Thursday, 29 December 2016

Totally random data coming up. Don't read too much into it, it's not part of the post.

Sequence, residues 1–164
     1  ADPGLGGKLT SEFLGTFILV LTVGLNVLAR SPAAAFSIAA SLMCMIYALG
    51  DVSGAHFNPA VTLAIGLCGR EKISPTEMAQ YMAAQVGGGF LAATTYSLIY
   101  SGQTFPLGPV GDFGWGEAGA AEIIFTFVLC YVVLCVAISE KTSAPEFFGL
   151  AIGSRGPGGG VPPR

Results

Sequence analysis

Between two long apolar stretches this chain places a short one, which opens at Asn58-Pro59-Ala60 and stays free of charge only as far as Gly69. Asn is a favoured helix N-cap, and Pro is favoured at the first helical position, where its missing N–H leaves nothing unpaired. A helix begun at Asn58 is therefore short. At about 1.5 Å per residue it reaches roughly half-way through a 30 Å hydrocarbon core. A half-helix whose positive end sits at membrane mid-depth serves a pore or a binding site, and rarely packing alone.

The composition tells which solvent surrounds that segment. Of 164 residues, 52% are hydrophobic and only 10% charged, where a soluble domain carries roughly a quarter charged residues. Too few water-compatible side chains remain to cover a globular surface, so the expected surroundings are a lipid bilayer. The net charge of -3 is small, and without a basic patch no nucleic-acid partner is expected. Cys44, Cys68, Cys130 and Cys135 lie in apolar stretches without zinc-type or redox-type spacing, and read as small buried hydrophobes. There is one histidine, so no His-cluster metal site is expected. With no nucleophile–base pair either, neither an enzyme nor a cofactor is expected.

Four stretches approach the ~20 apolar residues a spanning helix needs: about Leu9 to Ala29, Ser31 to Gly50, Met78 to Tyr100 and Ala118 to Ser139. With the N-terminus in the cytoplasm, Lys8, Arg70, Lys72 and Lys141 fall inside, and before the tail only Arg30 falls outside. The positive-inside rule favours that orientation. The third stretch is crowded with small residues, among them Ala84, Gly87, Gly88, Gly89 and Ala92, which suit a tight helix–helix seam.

A message for the New Year from Living Room Cardiff In the days since his sad and untimely death, George Michael has been revealed to be not just a good, but a great man. His many acts of compassion, kindness, generosity and love, often to complete strangers were carried out anonymously. He seemed to avoid attention when he gave to others but in his passing these examples of caring and concern have become public knowledge. George Michael has died at a time when ideas of kindness, gentleness, solidarity and concern appear to be in retreat across the world; there is one other attribute he possessed which we might all do well to emulate and that is courage. In 2002, as many millions of people across the world looked on anxiously at the unstoppable march to war with Iraq, George Michael publicly spoke out against the war, knowing full well that he would be crucified by the tabloid press. He spoke out because he believed that the war was wrong and that it would end in catastrophe and history appears to have vindicated him on both counts. In the next twelve uncertain months that we will live through, we must all try to live in a spirit of compassion and courage both globally and in our everyday lives. At the Living Room Cardiff these values are central to everything that we do, compassion for the still suffering addict and courage in announcing the beliefs, ideas and values that the service encapsulates. In 2017 we will continue to research, plan and tackle the causes of compulsive gambling, we will offer comfort and support to addicts of all walks of life but also those in the clergy and the medical profession. We will focus on teaching recovery coaching to a new generation of skilled helpers to take the message of recovery and hope far and wide. We will also put a face and a name to the illness of addiction to draw it away from shame and secrecy. We will continue to challenge policy makers, brewers and retailers, casino chains, advertisers and every other branch of the addiction industry to put people before profits and to live up to the common humanity that binds us all. Uncertain times require quiet, persistent and bold action, taken in the spirit of kindness humanity and love. The great and good George Michael demonstrated this capacity for powerful positive action, combined with the utmost humility and the Living Room will do all it can to ensure these values live on. Neges i’r Flwyddyn Newydd oddi wrth Stafell Fyw Caerdydd Yn ystod y dyddiau diwethaf, ers ei farwolaeth drist ac anamserol, datgelwyd George Michael nid yn unig fel dyn da, ond fel dyn mawr. Cyflawnwyd ei dosturi, ei garedigrwydd, ei haelioni a’i gariad, yn aml i ddieithriaid, yn hollol ddienw. Roedd fel petai’n ceisio osgoi sylw pan oedd yn rhoi i eraill. Ond, oherwydd ei farwolaeth, mae’r enghreifftiau hyn o ofal a chonsyrn wedi dod i’r amlwg i’r cyhoedd. Mae George Michael wedi marw ar adeg pan mae egwyddorion caredigrwydd, tynerwch, cydsafiad a chonsyrn yn ymddangos fel petaen nhw’n diflannu. Mae yna un nodwedd arall iddo efallai y dylen ni i gyd ei hefelychu a hynny yw gwroldeb. Yn 2002, wrth i filoedd lawer ar draws y byd edrych yn bryderus ar y daith na ellid ei hatal, i ryfel gydag Irac, roedd George Michael yn siarad allan yn gyhoeddus yn erbyn y rhyfel, gan wybod yn iawn y byddai’n cael ei groeshoelio gan y wasg dabloid. Roedd yn gwneud hyn oherwydd ei fod yn credu bod y rhyfel yn hollol anghywir ac y byddai’n gorffen mewn trychineb. Mae hanes yn ymddangos fel petai wedi cael ei brofi’n gywir ar y ddau achlysur. Yn ystod y deuddeng mis ansicr nesaf y byddwn ni’n gorfod byw drwyddyn nhw, rhaid i ni i gyd geisio byw mewn ysbryd o dosturi a dewrder yn fyd-eang ac yn ein bywydau ni bob dydd. Yn Stafell Fyw Caerdydd, mae’r gwerthoedd hyn yn ganolog i bob peth rydyn ni’n ei wneud, tosturi tuag at yr adict sy’n dal i ddioddef a gwroldeb i gyhoeddi’r credoau, syniadau a’r gwerthoedd y mae’r gwasanaeth yn eu coleddu. Yn 2017, byddwn yn parhau i ymchwilio, cynllunio a delio ag achosion gamblo eithafol, byddwn yn cynnig cysur a chefnogaeth i adictiaid ym mhob maes bywyd ond hefyd i’r rhai o fewn yr eglwysi a’r proffesiwn meddygol. Byddwn yn canolbwyntio ar ddysgu hyfforddiant adfer i genhedlaeth newydd o gynorthwywyr cymwys i fynd â’r neges o adferiad a gobaith ar draws bob man. Byddwn hefyd yn rhoi wyneb ac enw i’r salwch o ddibyniaeth i sicrhau ei fod yn ddigywilydd a heb fod yn gudd. Byddwn yn parhau i herio gwneuthurwyr polisïau, bragwyr a mân werthwyr, cadwyni casino, hysbysebwyr a phob maes arall o’r diwydiant dibyniaeth i roi pobl cyn elw ac i ddilyn egwyddorion dynoliaeth gyffredin sy’n ein clymu ni oll. Mae amseroedd ansicr yn gofyn am weithredu tawel, cyson a dewr, gan ystyried yr ysbryd o garedigrwydd, dynoliaeth a chariad. Roedd y George Michael mawr a da’n dangos y gallu hwn i gymryd camau positif pwerus, ynghyd â’r gostyngeiddrwydd eithaf a bydd y Stafell Fyw’n gwneud popeth o fewn ei gallu i sicrhau bod y gwerthoedd hyn yn parhau.